High Out-of-Pocket Expenses for Cancer Patients on Medicare

Roxanne Nelson, BSN, RN

November 30, 2016

Because most new cancers cases and cancer-associated deaths occur in adults older than 65 years, much of the cost of cancer care is shouldered by Medicare.

But having Medicare does not necessarily equate to affordable cancer care.

New findings show that depending on the type of supplemental Medicare coverage, cancer patients may find themselves with significant out-of-pocket (OOP) expenses.

For beneficiaries insured by traditional fee-for-service Medicare but without supplemental insurance, mean annual OOP expenses were $8115.

In comparison, mean annual OOP expenses were $2116 for those who had Medicaid, $2367 among those insured by the Veterans Health Administration, $5976 for Medicare beneficiaries insured with a health maintenance organization, $5492 with employer-sponsored insurance, and $5670 for patients with Medigap insurance coverage.

OOP expenditures represented a mean of 23.7% of the household income for beneficiaries who lacked supplemental insurance, with 10% of those beneficiaries incurring OOP costs that were 63.1% of their household income.

The new findings come from a study published online November 23 in JAMA Oncology.

Traditional Medicare coverage does not include an OOP maximum. More than 4 million beneficiaries lack any type of supplemental insurance and are particularly vulnerable after a diagnosis of cancer or another major illness, the authors note.

"Having a cap on OOP costs could be very helpful for seniors and has been part of multiple reform proposals, including policy organizations such as the Kaiser Family Foundation as well as institutions such as our own school of public health," said study coauthor Amol K. Narang, MD, an instructor of radiation oncology and molecular radiation sciences at Johns Hopkins School of Medicine, Baltimore, Maryland.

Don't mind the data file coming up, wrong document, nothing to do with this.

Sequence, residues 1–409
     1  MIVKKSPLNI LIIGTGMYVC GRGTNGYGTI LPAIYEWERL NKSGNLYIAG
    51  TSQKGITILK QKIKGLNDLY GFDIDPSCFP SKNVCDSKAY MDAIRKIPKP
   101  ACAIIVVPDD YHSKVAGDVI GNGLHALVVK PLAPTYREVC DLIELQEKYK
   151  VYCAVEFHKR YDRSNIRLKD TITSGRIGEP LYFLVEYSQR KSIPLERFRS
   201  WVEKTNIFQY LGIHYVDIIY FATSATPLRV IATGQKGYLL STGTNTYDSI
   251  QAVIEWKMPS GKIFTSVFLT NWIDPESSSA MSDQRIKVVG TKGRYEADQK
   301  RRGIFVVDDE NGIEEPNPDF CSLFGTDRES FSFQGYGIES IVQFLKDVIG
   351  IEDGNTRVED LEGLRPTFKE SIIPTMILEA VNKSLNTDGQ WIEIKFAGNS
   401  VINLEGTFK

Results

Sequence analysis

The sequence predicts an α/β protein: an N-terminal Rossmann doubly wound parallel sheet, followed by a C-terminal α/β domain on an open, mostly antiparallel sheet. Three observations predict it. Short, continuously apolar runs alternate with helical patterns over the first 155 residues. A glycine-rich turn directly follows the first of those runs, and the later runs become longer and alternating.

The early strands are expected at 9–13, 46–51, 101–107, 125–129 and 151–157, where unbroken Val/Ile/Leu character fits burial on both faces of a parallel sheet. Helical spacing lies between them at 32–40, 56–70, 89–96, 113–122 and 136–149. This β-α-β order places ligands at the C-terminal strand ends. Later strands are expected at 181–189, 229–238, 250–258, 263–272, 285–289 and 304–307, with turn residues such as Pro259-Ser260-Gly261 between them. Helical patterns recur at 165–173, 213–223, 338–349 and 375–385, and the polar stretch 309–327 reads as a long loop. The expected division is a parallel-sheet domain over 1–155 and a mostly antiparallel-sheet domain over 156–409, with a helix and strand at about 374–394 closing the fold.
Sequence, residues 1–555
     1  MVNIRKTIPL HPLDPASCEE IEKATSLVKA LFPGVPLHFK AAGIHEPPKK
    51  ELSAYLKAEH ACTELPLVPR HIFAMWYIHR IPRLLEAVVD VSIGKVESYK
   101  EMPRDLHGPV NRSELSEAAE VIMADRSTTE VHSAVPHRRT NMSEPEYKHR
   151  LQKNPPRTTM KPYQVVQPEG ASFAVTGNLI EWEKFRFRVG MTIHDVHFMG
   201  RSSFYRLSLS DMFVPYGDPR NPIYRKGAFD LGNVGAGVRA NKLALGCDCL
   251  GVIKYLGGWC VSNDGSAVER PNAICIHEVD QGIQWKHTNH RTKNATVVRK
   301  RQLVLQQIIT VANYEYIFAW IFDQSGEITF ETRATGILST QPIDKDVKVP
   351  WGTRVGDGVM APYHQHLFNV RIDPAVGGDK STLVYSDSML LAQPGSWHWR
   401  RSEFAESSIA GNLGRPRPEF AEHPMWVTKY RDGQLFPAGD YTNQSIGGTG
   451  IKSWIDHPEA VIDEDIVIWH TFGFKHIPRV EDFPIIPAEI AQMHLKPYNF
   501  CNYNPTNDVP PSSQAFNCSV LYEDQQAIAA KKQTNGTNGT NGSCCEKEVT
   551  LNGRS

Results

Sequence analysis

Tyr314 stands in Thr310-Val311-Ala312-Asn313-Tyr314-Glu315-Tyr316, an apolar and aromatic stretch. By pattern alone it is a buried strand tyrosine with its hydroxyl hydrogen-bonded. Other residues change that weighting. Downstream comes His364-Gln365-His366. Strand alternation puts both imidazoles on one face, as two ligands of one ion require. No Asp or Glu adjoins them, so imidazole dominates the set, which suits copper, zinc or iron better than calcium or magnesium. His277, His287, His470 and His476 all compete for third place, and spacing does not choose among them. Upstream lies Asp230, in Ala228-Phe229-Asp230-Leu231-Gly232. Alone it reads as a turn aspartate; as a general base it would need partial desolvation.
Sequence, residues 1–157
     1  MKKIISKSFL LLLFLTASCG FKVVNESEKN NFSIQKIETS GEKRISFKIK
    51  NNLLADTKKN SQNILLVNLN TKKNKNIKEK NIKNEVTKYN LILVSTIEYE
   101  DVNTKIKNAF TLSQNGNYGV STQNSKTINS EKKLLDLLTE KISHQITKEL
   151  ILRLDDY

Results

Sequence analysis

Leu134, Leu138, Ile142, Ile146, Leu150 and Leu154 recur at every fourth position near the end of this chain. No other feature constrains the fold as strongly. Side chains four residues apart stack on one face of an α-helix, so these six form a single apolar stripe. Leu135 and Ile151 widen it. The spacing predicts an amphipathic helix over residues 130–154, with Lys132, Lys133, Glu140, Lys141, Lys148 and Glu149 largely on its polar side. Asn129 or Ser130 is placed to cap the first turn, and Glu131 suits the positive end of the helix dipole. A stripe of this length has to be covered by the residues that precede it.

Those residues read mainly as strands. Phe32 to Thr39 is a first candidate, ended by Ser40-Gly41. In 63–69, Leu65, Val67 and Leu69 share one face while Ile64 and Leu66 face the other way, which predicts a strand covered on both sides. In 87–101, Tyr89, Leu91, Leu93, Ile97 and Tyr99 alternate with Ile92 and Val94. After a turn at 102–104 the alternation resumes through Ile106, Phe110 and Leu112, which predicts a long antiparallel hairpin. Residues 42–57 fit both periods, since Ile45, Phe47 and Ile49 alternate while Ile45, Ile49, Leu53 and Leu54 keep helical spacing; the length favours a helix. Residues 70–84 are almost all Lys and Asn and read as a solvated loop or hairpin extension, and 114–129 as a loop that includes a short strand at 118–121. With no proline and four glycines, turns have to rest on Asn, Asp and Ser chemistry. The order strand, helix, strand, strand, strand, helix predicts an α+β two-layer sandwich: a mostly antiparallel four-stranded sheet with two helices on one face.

The oncology community needs to better understand those health services that drive out-of-pocket costs for cancer patients. Dr Amol Narang
 

Understanding the financial burden faced by many of their patients is imperative for oncologists. "The oncology community needs to better understand those health services that drive out-of-pocket costs for cancer patients, which likely vary significantly by cancer type and likely by region as well," Dr Narang told Medscape Medical News. "We need to understand which of these services provide value to patients, and for those services that don't, how to redesign care delivery to minimize such services while still ensuring high-quality care."

Cancer Care Crisis

Medicare reform proposals that would restructure the benefit design for hospital-based services and incorporate an OOP maximum would help, but currently, that does not seem to be forthcoming. "There has been less focus on Medicare reform, although proposals that would increase cost sharing among beneficiaries may make them more vulnerable to high out-of-pocket costs," said Dr Narang.

The high cost of cancer care in the United States affects patients across the board. More than a third (37.1%) of cancer patients are "seriously or very seriously" concerned about bankruptcy because of medical bills, according to a survey sponsored last year by the international nonprofit organization Cancer Support Community (CSC).

Going a step further, the Institute of Medicine issued an updated report on the cancer care delivery system in the United States and said it was "in crisis." One significant driver of that crisis is cost, which is likely to keep rising, the report concluded.

Highest OOP Costs for Hospitalization